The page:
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This familiar root vegetable is a hardy bien;nial belonging to the family Umbelliferae. Its botanical name is Daucus Carota variety sativa. It has much-divided leaves and usually yellow or orange-red roots which differ widely in size and shape. The small whitish flowers do not appear until the year following that in which seeds are sown. The plants are cultivated for the sake of their swollen edible roots which are ready for use two to four months after sowing out of doors.

Carrots, like other vegetable root crops, must be grown on deep friable land free from stones and fresh manure. It is usual to grow this crop on ground that was manured for a previous crop; the manure will have decayed, and the soil will still be rich enough to provide good Carrots. If grown on lumpy soil or that which contains fresh manure the roots are likely to be misshapen. Poor soil can be improved by forking into the top layer (depth of spade blade) a generous quantity of well-rotted compost.

Value and Development. The Carrot is of great value as an article of diet because of its carotene content. This is an orange-yellow sub;stance which becomes Vitamin A when absorbed by the cells of the intestine. Vitamin A, an es;sential substance to man's health, is not found in other root vegetables such as Parsnips and Turnips; green vegetables are a greater source of it, but Carrots are important because they are available fresh throughout the year.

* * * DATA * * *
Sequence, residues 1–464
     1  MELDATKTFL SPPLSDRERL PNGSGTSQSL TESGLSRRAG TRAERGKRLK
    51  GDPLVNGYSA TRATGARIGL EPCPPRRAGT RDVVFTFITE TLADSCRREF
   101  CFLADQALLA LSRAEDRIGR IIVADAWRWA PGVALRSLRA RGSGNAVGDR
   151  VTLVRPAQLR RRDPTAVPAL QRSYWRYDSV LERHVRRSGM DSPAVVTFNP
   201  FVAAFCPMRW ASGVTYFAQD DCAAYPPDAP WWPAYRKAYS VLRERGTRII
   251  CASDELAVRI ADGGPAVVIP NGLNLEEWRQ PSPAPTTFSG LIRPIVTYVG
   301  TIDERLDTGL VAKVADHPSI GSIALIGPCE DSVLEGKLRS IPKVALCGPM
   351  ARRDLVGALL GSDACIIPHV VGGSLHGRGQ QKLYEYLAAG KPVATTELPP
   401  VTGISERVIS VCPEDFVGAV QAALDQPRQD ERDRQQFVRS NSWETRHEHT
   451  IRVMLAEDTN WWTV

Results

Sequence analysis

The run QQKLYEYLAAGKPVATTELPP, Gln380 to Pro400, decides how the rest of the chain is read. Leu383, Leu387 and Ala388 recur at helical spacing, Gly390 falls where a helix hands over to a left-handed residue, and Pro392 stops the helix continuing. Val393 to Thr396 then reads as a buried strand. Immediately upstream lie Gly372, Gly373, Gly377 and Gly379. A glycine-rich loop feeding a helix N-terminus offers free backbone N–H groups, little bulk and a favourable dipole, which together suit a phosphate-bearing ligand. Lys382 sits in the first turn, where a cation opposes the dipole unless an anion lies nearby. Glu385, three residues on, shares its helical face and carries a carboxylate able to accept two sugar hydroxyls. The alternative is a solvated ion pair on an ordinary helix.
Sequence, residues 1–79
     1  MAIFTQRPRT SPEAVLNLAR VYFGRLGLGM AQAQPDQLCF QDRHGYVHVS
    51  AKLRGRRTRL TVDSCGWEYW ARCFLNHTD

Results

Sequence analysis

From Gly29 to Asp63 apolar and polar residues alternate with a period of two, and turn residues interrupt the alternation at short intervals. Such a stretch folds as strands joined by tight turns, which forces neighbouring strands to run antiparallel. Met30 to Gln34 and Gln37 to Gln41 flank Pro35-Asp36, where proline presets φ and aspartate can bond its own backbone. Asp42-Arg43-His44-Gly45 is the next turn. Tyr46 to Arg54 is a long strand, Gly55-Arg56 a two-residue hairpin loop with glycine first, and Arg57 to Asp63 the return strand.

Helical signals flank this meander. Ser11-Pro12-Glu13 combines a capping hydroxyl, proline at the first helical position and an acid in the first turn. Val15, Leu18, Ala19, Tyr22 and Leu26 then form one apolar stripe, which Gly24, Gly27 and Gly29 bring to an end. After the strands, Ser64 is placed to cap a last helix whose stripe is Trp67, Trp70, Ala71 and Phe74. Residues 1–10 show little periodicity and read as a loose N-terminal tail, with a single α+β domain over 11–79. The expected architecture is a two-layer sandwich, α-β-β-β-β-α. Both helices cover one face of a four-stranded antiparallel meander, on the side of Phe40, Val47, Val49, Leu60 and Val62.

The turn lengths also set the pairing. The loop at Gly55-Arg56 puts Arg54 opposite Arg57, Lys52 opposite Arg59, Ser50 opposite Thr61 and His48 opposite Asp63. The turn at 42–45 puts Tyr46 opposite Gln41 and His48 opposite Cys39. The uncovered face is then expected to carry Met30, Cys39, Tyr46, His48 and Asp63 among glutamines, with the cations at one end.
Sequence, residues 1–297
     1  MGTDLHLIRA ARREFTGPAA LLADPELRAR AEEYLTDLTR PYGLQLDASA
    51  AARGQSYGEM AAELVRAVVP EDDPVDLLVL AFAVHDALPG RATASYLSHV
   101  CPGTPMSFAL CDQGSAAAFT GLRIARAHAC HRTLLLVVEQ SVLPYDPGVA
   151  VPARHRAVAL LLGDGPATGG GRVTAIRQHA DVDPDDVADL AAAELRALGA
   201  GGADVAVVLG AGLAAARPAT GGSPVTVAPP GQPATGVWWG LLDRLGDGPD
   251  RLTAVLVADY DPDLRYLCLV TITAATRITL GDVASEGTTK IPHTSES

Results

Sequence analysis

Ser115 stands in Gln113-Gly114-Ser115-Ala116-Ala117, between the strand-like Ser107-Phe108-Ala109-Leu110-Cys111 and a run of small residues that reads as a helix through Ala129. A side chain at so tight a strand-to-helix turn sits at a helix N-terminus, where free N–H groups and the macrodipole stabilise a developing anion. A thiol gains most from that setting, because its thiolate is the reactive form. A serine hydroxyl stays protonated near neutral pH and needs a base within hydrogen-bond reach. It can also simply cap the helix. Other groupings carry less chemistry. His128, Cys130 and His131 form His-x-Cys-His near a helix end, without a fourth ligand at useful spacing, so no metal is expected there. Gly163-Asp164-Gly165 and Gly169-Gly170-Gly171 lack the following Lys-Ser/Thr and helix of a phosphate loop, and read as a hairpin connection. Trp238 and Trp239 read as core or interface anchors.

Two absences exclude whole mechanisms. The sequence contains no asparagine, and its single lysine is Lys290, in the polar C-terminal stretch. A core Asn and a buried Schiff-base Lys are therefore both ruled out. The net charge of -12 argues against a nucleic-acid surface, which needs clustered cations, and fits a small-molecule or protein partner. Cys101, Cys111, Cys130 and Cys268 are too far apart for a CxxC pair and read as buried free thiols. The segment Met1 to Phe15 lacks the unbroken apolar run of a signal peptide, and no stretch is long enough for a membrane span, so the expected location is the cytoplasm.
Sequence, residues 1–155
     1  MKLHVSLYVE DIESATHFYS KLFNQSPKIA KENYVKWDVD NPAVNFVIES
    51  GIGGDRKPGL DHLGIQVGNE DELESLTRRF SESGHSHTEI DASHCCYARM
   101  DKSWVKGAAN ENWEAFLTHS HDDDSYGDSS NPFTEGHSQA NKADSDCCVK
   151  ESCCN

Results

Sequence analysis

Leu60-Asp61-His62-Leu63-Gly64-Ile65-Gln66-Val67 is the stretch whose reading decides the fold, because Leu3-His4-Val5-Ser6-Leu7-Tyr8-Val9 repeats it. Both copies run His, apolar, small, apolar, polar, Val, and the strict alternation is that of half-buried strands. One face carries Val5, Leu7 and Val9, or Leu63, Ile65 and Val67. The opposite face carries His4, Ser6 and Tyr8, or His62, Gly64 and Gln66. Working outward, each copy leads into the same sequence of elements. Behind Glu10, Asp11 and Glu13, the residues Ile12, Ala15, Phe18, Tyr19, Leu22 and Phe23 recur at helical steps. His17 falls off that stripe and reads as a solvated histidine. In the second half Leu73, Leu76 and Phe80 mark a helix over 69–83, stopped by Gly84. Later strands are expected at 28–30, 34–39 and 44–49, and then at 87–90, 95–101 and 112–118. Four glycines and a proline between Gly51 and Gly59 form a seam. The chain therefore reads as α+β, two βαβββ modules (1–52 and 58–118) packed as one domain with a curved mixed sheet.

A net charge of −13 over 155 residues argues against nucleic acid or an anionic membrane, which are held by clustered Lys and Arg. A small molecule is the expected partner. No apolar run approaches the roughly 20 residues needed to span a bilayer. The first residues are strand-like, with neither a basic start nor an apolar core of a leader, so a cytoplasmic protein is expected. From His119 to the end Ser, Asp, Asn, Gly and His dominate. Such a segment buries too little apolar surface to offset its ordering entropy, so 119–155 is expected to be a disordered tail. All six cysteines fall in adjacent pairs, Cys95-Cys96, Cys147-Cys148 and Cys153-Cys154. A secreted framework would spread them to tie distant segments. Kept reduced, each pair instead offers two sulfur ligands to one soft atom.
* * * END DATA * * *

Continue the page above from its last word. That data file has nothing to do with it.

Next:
Many varieties of Carrot were first developed in Europe over a century ago, several of them by Vilmorin, a French seedsman and plant breeder. Such varieties as French Forcing, Early Horn and Long Orange are among the oldest, while Chantenay, Nantes, Imperator and Ox-heart are of later introduction. The most modern varieties are selections made for sweetness, texture of the flesh, and especially for a mini;mum of core in the root.

The First Sowings. It was once the practice of professional gardeners to sow their earliest Car;rots in January in a hotbed, heated by fermenting organic matter or by electric cables over which was spread fertile soil to a depth of 6-8 in. The seeds were sown broadcast and covered lightly with screened soil. A frame and glass sash overhead and additional protection when weather conditions demanded such, provided a means whereby tender, sweet Carrots could be harvested in approximately 65-70 days. Today the fine quality Carrots shipped from warm parts of the United States may be bought at the food market at much less trouble and expense. The Carrot being so popular, almost every home gar;dener who grows vegetables chooses this as one of his crops to be grown in the open garden. It is a moderately hardy plant (the original species from which Carrots were developed is the com;mon Queen Anne's Lace, Daucus Carota, a European weed introduced into North America and familiar as a summer wayside flower).

The first outdoor sowing of Carrots is made as soon in spring as the soil can be trodden without adhering to the shoes. In the New York City area, unless the soil is a heavy clay, there are usually a few days in March when the first sow;ing may be made; on heavy soils a slightly later date is favored. First sowing dates are earlier where spring comes earlier; later where spring is more delayed.